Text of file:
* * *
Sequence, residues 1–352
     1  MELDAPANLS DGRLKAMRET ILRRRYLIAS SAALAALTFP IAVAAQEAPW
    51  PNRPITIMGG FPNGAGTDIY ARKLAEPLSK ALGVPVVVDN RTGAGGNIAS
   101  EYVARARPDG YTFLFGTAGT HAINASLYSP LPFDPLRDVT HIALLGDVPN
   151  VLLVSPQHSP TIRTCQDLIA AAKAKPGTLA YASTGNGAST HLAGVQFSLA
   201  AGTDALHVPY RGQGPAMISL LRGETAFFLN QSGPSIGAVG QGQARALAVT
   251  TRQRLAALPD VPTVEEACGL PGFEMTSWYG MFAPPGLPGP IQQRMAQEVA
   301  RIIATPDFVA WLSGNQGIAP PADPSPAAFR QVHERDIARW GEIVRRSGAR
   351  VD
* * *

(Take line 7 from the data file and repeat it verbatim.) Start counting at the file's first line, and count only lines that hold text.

   251  TRQRLAALPD VPTVEEACGL PGFEMTSWYG MFAPPGLPGP IQQRMAQEVA